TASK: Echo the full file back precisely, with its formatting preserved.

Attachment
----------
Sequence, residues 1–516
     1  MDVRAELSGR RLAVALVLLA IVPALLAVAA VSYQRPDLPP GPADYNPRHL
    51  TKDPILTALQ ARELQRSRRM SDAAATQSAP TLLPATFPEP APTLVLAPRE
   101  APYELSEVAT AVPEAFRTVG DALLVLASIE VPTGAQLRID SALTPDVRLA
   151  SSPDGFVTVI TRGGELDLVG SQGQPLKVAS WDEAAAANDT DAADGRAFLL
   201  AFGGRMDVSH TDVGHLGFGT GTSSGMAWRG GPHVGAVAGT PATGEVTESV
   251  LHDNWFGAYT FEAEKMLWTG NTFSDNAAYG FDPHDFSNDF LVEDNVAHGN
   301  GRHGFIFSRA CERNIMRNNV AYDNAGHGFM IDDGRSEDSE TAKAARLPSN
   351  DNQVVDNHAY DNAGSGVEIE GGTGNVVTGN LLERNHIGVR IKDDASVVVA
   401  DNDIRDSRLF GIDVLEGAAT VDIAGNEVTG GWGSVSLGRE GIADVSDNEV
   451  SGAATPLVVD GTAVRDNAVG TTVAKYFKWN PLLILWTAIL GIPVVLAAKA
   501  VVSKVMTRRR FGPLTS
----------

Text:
Sequence, residues 1–516
     1  MDVRAELSGR RLAVALVLLA IVPALLAVAA VSYQRPDLPP GPADYNPRHL
    51  TKDPILTALQ ARELQRSRRM SDAAATQSAP TLLPATFPEP APTLVLAPRE
   101  APYELSEVAT AVPEAFRTVG DALLVLASIE VPTGAQLRID SALTPDVRLA
   151  SSPDGFVTVI TRGGELDLVG SQGQPLKVAS WDEAAAANDT DAADGRAFLL
   201  AFGGRMDVSH TDVGHLGFGT GTSSGMAWRG GPHVGAVAGT PATGEVTESV
   251  LHDNWFGAYT FEAEKMLWTG NTFSDNAAYG FDPHDFSNDF LVEDNVAHGN
   301  GRHGFIFSRA CERNIMRNNV AYDNAGHGFM IDDGRSEDSE TAKAARLPSN
   351  DNQVVDNHAY DNAGSGVEIE GGTGNVVTGN LLERNHIGVR IKDDASVVVA
   401  DNDIRDSRLF GIDVLEGAAT VDIAGNEVTG GWGSVSLGRE GIADVSDNEV
   451  SGAATPLVVD GTAVRDNAVG TTVAKYFKWN PLLILWTAIL GIPVVLAAKA
   501  VVSKVMTRRR FGPLTS